Airfighters #1 [Moonstone; $5.99] is 64 pages of all-new stories of classic and minor 1940s comic-book adventure heroes. It was an easy sell to me and I wish I could report it's a terrific book. But it isn't. It's just sort of there.

It's not devoid of good stuff. The Captain Midnight story by Christopher Mills with art by Rick Burchett and Richard Clark is a solid eight pages of entertainment. It's well-written and nicely drawn. I wish the guys had more pages to work with.

Chuck Dixon's Airboy story is decent, though nowhere near as good as the original Airboy stories or Dixon's previous work on the character from a couple decades back. But the art was weak; like many of these stories, it would've benefitted from color. I'll get back to that in a moment.

Tom DeFalco's Flying Fool tale isn't brilliant, but it's fun and has the best line in the issue. When the hero reminds a friend that he has shrapnel in his skull, the friend replies "What of it? It ain't like you ever used your head all that much to begin with!" Now that's comedy!

Martin Powell's Black Angel story also pleased me. I like the somewhat bloodthirsty demeanor of the title heroine and I thought the Ver Curtiss art was quite good.

But the rest of the strips? Sky Wolf, Bald Eagle, Iron Ace, and Flying Dutchman? Not one of these stories floated my boat or even my airplane.

The Tom Grindberg cover that sort of channels George Evans, Al Williamson, and Frank Frazetta doesn't work either. It's too quiet and the Valkyrie's breasts look like they come from two different women. This just isn't a strong anthology.

Airfighters #1 picks up a disappointing two out of five Tonys. My recommendation would be to crunch the numbers and see if they could produce a color comic featuring Airboy, Black Angel, Captain Midnight, and the Flying Fool. Those strips feature their strongest characters and writers.

Tony Tony

That's all for now. Thanks for spending part of your day with me. I'll be back tomorrow with more stuff.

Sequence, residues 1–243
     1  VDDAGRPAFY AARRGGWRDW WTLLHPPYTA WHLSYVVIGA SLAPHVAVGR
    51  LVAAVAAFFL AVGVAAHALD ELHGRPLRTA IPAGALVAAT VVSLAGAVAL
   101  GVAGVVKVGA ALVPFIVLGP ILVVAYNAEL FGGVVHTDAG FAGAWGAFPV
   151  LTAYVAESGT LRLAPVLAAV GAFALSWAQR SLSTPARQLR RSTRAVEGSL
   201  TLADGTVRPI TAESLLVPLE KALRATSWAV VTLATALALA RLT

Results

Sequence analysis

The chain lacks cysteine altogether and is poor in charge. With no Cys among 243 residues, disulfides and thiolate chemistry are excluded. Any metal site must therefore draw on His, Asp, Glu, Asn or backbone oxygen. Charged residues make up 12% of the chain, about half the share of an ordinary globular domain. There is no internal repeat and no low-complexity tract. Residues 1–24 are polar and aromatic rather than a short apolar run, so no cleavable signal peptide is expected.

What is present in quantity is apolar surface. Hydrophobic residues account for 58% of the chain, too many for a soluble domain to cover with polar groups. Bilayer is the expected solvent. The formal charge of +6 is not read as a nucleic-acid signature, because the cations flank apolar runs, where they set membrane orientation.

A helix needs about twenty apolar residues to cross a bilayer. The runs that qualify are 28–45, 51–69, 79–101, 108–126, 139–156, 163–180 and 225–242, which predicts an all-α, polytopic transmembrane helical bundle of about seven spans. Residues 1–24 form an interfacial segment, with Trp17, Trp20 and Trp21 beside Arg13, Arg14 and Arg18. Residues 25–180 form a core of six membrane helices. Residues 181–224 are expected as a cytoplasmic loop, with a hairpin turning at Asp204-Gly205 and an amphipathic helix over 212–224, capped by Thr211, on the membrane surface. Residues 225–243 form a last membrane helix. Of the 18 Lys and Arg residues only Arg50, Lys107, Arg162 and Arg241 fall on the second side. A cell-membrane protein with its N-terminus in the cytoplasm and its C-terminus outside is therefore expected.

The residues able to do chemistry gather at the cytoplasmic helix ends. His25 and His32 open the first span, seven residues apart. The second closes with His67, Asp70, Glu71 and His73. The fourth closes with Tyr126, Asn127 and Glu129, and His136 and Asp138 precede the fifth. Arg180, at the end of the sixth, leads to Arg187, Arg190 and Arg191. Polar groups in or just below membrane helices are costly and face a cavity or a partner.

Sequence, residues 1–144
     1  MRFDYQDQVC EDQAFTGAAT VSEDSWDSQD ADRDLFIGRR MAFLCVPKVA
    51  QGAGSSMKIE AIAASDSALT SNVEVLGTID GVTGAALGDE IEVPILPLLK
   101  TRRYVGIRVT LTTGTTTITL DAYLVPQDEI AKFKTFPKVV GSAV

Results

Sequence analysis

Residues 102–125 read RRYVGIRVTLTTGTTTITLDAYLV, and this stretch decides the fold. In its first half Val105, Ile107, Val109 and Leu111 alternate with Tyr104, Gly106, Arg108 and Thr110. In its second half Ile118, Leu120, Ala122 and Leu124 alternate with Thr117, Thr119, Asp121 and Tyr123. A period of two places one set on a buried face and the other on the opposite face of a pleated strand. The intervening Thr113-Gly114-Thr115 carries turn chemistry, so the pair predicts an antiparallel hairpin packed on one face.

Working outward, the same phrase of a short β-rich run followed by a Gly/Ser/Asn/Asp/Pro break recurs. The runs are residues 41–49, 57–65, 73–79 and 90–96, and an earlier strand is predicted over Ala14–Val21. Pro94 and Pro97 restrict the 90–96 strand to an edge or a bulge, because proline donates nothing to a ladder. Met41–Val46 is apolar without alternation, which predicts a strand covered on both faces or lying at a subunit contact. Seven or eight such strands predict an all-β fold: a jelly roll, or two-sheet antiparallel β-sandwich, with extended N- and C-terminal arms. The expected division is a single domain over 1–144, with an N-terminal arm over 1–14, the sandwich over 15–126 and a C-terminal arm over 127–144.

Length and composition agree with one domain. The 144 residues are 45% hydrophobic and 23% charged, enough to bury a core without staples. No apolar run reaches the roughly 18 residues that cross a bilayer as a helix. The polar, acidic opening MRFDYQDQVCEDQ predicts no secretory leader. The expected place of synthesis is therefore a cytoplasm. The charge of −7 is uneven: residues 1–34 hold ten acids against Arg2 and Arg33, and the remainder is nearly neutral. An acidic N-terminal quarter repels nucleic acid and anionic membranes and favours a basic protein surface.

Tony Isabella

<< 03/17/2010 | 03/22/2010 | 03/23/2010 >>

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Zero Tonys
ZERO: Burn your money before buying any comic receiving this rating. It doesn't *necessarily* mean there's absolutely nothing of value here - though it *could* - but whatever value it might possess shrinks into insignificance before its overall awfulness.

ONE: Buy something else. Maybe I found something which wasn't completely dreadful in the item, but not enough for me to recommend it when there are better comics available. I only want what's best for you, my children.

TWO: Basic judgment call. I found some value, but not enough to recommend it. My review should give you enough info to decide if you want to take a chance on it. Are you feeling lucky today, punk? Well, are you?

THREE: This denotes something I find perfectly respectable. There are better books out there, but I wouldn't regret buying this item. Based on my review, you should be able to determine if it's of interest to you. Let the Force guide you.

FOUR: I recommend anything earning this rating. Unless you don't like the genre, subject matter, or past work of the creators, I believe you'll enjoy this item. Isn't it uncanny how I can look right into your soul that way?

FIVE: Anything getting this rating is among the best comicdom has to offer. You should buy/read this, even if the genre/subject matter doesn't appeal to you. It's for your own good. Me, I live for comics and books this good...but not in a pathetic "Comic-Book Guy" sort of way.